Periprosthetic breast capsules and immunophenotypes of inflammatory cells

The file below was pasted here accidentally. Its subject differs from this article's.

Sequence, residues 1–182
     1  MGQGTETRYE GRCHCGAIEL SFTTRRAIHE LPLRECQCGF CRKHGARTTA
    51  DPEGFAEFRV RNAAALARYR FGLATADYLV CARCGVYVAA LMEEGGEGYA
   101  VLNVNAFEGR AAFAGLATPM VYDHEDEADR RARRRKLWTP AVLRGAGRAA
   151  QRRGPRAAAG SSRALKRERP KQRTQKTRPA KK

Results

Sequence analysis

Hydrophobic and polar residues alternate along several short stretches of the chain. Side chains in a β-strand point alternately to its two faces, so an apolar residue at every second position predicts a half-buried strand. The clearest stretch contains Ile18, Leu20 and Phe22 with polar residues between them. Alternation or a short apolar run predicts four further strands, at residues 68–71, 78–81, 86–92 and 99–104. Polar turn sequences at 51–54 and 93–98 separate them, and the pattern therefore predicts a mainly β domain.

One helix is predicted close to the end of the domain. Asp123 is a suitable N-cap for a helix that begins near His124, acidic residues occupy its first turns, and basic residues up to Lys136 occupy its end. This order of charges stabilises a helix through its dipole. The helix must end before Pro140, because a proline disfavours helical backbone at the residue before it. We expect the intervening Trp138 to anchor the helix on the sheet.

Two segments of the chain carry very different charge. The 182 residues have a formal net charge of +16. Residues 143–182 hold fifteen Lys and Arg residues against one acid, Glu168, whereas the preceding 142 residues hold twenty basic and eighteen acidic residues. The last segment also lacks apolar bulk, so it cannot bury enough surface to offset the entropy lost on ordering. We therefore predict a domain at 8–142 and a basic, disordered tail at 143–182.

The tissue response to silicone gel breast implants typically includes an inflammatory infiltrate that consists of macrophages, foreign body-type giant cells, and a variable number of lymphocytes and plasma cells. The phenotype of the lymphocytic component was investigated with three-color flow cytometry. Lymphocytes were obtained by collecting fluid from the space between the implant and the fibrous capsule or by washing cells from the fibrous capsule at the time of implant removal with total capsulectomy. Eighty-nine percent of the implant-associated lymphocytes were T cells. Twenty-five percent of the CD3+ T cells coexpressed HLA-DR compared with only 7.9% of matched peripheral blood lymphocytes. Sixty-eight percent of the implant-associated T cells coexpressed CD4 and CD29, while only 3% of the T cells coexpressed CD4 and CD45RO. The expression of HLA-DR and the predominance of CD29+ CD4+ T cells indicate that there is immune activation with the potential for stimulating antigen-specific antibody production. The role of silicone gel breast implants in immune activation and its clinical significance require further investigation.